The UN estimated the adult literacy rate in 2000-2004 to be 69% (61% for women, 77% for men). It has probably crept a bit higher since then. This tells how many people can read. Because Lao is phonetic, it's easier to learn to read than a language like English, and much easier than Chinese. But although they know how to read, most adults get so little practice at it that reading is a slow and difficult process for them. Reading is used to fill out government forms. Most people in the villages do not know that it could be a source of enjoyment or of useful information, nor do they have access to any books that would fill those needs.
According to the government of Laos, there are 10,500 villages in the country, of which 8,400 have a primary school. Many of them have a few textbooks that children share. In others, the teacher simply uses the blackboard. Few schools have anything to read other than textbooks. About half of these schools have only one or two teachers, and only 3,700 provide a full five years of schooling. This represents
a substantial increase from before 1975, when the current government came to power. Many of the young people working at Big Brother Mouse come from families where the parents cannot read.
What about health care?
Same as education: it's improving, but there's still a ways to go.
The childhood mortality rate was 8% in 2005, well above that of developed countries, but a big improvement over 1990 (16%) or 1970 (22%). Life expectancy is 55 years.
However, Laos has benefited from a generation of social and political stability. It did not get the sex tourism in the 1980s that contributed to AIDS getting a strong foothold in Thailand; less than 0.1% of the population is believed to have HIV or AIDS. Diseases such as malaria and dengue fever are a continual danger, but Laos does not suffer from the epidemics that afflict many other poor countries. (All figures here are from the United Nations.)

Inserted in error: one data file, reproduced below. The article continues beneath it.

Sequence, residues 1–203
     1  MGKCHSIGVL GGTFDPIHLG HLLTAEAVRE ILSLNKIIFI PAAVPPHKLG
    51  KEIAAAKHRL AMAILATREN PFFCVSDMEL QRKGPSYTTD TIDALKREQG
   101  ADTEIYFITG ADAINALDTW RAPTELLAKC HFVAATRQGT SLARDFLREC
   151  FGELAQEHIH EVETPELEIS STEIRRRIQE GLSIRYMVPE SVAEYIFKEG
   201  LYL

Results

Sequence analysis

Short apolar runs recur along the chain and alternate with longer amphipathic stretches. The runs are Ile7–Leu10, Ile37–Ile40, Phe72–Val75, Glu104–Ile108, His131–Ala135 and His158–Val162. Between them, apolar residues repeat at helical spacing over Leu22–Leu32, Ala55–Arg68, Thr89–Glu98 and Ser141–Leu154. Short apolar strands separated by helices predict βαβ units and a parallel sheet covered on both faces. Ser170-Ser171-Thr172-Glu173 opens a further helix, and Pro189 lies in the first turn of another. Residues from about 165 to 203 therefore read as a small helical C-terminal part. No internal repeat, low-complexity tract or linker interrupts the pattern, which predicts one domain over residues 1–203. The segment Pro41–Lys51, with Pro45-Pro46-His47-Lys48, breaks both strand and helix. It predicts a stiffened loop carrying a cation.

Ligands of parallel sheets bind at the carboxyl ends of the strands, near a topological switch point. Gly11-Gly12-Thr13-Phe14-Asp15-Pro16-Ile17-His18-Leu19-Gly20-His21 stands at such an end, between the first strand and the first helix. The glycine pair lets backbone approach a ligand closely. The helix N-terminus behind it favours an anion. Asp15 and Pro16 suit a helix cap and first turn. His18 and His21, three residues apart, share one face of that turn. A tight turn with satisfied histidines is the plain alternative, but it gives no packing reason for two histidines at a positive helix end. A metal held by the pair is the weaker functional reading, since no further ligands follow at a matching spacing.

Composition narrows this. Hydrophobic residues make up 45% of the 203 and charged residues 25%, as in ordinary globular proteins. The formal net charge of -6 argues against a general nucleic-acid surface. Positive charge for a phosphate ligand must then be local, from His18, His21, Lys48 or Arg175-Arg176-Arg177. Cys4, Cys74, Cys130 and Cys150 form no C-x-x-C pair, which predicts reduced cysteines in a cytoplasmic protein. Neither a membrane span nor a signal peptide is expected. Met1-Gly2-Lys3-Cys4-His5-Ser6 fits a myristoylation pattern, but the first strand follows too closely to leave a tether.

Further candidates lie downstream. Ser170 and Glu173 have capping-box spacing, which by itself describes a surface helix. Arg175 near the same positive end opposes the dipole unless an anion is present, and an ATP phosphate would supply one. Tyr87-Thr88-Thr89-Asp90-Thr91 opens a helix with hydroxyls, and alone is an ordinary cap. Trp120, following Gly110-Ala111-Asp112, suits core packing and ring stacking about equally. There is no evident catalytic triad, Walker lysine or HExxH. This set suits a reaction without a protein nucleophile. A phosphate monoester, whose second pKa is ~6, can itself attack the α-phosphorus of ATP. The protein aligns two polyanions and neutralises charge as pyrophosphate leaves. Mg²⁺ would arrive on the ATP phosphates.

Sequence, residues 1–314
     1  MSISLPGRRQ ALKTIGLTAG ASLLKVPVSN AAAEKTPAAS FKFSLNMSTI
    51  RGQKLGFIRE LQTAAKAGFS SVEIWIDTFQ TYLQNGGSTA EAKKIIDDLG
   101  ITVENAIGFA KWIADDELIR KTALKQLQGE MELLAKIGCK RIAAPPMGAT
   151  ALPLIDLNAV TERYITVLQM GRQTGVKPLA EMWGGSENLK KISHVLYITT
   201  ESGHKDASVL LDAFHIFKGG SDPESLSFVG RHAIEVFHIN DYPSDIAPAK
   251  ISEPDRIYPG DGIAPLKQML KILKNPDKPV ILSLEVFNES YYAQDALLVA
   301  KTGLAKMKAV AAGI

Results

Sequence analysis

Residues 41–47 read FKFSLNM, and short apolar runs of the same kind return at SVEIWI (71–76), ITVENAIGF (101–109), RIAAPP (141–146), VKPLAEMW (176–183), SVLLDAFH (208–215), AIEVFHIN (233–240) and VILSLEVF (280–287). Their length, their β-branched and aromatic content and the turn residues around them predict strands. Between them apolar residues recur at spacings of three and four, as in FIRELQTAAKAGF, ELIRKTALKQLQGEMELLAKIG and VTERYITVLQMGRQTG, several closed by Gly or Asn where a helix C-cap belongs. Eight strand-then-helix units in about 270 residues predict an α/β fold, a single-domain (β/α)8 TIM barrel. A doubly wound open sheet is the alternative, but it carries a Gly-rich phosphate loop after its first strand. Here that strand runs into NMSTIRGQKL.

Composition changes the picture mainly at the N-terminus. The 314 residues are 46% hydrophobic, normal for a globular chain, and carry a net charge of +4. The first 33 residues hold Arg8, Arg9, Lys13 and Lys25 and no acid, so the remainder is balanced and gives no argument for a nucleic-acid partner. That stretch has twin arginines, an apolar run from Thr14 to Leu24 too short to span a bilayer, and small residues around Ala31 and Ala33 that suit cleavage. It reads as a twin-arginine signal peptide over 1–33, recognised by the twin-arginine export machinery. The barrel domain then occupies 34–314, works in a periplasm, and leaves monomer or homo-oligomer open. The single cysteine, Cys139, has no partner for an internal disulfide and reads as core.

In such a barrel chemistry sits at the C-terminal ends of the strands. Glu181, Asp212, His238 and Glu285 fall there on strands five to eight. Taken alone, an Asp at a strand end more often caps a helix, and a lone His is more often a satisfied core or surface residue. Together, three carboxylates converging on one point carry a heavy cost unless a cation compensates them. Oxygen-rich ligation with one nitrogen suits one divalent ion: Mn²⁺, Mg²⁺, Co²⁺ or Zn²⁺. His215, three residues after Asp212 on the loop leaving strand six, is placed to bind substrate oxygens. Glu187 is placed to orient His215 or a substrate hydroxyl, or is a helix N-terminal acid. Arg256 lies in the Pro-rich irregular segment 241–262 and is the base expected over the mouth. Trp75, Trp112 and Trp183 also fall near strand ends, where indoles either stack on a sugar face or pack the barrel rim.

Increasing tourism will have an impact on all of this. The extra income has the potential to improve health care, but too often it doesn't. Sex tourists don't usually worry about the health of their partner, and that partner
may be so desperate for money that she'll do anything. Look at a group of Lao college students, you'll probably see many near-perfect sets of teeth. Now look at children in tourist areas. Some have already lost all their teeth because of candy (or money, which is converted to candy) given to them by thoughtless tourists.
What can I do to help?
Learn more about the country and culture, before you visit. Our page about Lao culture is a start, but only a start.
Visitors are often struck by the poverty they see, and respond in ways that make the visitor feel good, but
actually make the situation in Laos worse. Giving money to young people who approach you to "sponsor" them in school, or as a novice monk, rewards the most aggressive behavior, while doing nothing to help those who spend their time studying, repairing the temple, or meditating. It's better to donate to a temple, or to give a scholarship through the local college, which will choose a recipient based on merit and need, not on pushiness.
We recommend a visit to The Language Project in Luang Prabang. Their library is one of the most active in Laos, because it has carefully selected materials
that are appropriate for people who use the library, rather than whatever somebody wanted to get rid of. They also offer computer access for novice monks, students, and others. You can support them by purchasing
a print of a striking photograph, by one of the young photographers who is learning a new skill there. A larger donation will benefit thousands of young people, while encouraging them to study rather than training them to
approach tourists for money.
Of course, a donation to Big Brother Mouse will also have a wide impact. If you'd like to sponsor a book party with Big Brother Mouse while you're here, you'll not only benefit an entire
village, but we try to arrange for you to attend it if you wish. Many visitors say it's the highlight of their trip. You'll see a part of Laos that the typical tourist misses. Come see what happens at a book party!